“Today we are living in a super-heated, if not toxic political environment,” he said. “That shouldn’t be lost on anyone. Politics and bias are interwoven in this entire situation.”

The incidents detailed in James’ investigative report include the following:

  • Cuomo allegedly harassed a state trooper assigned to his protective detail “on a number of occasions,” including by “running his hand across her stomach, from her belly button to her right hip, while she held a door open for him at an event, ” kissing her on the cheek in front of another Trooper and asking to kiss her in yet another instance. Cuomo is also accused of making sexually suggestive comments to the state trooper, like asking her why she wanted to get married “when marriage means ‘your sex drive goes down.’”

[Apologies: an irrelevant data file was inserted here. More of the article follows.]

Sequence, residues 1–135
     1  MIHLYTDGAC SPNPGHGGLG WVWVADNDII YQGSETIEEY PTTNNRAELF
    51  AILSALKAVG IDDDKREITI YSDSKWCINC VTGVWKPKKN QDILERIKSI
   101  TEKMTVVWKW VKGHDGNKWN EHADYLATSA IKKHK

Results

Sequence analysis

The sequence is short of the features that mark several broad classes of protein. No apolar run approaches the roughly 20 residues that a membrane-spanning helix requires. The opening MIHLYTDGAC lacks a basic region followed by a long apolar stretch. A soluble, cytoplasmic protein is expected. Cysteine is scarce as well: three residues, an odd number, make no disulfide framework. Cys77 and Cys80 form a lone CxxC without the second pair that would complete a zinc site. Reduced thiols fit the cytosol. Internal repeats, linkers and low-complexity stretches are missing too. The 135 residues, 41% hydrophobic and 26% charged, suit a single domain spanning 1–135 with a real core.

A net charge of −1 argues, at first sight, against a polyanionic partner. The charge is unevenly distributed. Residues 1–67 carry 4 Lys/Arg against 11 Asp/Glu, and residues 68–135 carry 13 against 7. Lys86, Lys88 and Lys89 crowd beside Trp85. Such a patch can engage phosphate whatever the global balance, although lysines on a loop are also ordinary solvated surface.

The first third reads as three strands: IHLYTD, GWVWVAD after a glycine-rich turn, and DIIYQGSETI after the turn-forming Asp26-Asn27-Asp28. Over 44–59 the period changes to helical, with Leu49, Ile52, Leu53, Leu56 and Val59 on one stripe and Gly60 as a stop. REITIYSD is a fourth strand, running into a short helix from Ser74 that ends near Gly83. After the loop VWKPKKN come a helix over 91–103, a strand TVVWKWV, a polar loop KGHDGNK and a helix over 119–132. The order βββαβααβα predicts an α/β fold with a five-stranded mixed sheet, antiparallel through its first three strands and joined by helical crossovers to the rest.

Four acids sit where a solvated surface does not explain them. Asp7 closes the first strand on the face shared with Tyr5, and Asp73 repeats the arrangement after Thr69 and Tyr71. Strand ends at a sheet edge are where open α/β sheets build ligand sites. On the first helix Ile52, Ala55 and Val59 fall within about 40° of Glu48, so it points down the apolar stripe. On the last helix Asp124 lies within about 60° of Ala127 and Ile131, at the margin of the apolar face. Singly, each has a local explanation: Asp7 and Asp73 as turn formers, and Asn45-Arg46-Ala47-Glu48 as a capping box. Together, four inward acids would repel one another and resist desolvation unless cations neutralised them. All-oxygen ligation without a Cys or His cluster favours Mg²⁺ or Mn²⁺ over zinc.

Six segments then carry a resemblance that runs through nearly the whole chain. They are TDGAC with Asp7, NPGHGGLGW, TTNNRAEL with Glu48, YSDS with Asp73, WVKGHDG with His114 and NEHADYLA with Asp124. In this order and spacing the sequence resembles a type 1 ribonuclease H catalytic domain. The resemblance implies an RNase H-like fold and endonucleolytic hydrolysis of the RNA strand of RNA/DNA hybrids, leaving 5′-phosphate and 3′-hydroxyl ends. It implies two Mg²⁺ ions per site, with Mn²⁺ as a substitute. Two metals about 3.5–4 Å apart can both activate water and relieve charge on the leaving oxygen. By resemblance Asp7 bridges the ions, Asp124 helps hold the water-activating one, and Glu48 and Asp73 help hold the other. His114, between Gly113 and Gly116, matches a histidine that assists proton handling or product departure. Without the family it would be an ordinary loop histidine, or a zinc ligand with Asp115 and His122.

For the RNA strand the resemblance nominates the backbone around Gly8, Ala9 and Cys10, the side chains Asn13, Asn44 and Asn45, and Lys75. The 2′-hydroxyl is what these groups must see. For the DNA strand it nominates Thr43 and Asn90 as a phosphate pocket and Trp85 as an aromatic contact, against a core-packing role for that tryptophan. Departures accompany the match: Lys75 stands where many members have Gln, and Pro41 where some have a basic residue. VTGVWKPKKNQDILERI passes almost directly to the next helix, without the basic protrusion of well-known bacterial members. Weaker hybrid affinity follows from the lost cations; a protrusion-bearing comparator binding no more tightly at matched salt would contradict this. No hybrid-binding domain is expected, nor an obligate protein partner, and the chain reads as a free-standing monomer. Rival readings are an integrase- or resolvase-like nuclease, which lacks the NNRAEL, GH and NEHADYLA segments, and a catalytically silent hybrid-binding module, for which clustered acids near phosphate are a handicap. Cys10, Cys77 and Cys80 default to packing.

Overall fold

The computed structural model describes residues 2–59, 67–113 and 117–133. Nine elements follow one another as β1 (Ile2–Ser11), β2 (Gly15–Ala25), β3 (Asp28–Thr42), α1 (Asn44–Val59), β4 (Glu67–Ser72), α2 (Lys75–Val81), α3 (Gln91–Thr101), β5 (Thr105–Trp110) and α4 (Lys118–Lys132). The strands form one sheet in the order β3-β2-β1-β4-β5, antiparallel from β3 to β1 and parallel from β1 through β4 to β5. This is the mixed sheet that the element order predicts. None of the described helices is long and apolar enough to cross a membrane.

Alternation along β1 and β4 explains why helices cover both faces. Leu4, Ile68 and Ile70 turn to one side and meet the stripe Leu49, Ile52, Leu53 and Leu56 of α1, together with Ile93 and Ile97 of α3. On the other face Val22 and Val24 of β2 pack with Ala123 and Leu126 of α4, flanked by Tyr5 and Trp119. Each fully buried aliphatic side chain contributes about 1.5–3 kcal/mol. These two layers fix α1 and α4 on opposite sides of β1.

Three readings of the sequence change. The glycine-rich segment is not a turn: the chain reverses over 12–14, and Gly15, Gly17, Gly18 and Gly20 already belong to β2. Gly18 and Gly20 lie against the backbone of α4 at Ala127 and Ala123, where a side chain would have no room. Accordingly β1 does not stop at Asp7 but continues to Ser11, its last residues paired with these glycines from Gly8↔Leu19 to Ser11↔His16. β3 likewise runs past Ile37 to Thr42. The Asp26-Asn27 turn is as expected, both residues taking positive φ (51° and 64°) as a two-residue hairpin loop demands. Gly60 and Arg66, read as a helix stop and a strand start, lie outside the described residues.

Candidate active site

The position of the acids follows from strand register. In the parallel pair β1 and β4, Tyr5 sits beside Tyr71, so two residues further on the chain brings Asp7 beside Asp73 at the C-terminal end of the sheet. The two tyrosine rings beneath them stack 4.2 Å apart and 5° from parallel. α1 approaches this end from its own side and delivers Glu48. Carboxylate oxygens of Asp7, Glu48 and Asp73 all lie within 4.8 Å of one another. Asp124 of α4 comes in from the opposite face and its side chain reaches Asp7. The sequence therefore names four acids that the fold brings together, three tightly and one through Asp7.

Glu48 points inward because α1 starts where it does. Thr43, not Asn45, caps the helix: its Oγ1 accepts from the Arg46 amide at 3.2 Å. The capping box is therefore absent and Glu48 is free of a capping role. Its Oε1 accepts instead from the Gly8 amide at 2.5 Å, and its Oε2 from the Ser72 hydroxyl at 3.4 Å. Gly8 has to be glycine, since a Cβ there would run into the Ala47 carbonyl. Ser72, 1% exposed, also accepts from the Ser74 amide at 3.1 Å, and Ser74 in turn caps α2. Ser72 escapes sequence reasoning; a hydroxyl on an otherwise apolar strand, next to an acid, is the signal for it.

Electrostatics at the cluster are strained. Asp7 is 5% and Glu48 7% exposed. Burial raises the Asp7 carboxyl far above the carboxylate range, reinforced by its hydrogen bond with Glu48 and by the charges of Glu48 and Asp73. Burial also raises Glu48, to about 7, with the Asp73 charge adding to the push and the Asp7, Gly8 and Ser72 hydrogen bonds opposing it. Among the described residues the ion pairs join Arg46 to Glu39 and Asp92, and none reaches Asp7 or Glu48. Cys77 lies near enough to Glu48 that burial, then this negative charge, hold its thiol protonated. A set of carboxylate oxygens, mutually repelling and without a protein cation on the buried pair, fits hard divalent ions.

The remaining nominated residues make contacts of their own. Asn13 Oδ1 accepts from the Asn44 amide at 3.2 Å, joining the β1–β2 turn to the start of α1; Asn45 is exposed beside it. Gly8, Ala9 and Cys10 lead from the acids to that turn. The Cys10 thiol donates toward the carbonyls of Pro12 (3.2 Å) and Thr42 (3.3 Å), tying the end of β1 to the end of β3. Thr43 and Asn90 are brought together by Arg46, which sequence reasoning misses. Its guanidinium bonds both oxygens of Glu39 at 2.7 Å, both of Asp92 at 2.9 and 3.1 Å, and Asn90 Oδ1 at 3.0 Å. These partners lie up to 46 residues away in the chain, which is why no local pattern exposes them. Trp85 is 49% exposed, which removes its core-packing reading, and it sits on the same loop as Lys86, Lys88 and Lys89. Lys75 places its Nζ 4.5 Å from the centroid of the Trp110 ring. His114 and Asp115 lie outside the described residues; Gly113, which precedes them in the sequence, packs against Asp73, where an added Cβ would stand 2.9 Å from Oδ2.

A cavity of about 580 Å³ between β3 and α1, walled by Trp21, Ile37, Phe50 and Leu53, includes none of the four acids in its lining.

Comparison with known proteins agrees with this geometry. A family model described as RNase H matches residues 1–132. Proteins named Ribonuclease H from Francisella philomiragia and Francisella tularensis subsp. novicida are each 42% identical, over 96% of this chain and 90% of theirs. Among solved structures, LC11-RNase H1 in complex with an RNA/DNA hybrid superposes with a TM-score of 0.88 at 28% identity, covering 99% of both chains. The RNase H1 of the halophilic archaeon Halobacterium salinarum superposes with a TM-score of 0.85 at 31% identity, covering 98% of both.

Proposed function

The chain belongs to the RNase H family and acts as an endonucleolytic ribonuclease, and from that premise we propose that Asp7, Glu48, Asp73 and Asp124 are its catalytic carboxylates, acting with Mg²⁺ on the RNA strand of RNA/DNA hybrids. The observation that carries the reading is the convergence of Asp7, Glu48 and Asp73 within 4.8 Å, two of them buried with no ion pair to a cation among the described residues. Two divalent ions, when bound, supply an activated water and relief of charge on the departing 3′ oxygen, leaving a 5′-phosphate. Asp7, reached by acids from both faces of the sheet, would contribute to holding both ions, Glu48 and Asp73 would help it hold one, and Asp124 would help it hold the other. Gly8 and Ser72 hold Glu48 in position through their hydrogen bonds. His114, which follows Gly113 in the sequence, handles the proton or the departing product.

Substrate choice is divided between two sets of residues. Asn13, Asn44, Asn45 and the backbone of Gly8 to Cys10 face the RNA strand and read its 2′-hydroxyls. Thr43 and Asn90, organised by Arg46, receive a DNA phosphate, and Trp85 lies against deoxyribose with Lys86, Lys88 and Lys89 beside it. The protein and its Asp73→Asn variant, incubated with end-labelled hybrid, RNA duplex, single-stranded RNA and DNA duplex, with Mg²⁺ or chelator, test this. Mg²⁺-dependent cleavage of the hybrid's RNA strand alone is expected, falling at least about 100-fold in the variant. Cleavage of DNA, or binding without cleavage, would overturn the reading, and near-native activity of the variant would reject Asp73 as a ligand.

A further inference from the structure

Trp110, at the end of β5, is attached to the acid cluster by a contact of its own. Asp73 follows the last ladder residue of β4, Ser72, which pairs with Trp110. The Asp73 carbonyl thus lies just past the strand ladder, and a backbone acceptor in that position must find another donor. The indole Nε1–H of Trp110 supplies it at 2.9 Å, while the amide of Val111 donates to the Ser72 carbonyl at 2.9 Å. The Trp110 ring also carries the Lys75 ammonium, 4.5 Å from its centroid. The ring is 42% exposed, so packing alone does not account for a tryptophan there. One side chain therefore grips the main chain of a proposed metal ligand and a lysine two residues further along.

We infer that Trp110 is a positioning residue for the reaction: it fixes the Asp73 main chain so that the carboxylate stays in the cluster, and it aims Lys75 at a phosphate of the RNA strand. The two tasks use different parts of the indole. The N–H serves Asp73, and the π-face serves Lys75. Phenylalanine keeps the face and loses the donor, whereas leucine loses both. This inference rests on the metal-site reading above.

• A doctor who performed a COVID-19 test on the governor, in her capacity as a state employee, also reported that he made sexually suggestive comments to her.
  • After former Manhattan Borough President candidate Lindsey Boylan, a former Cuomo aide, publicly accused him of sexual harassment, Cuomo and his staffers “actively engaged in an effort to discredit her, including by disseminating to the press confidential internal documents that painted her in a negative light and circulating among a group of current and former Executive Chamber employees (although not ultimately publishing) a proposed op-ed or letter disparaging Ms. Boylan that the Governor personally participated in drafting.”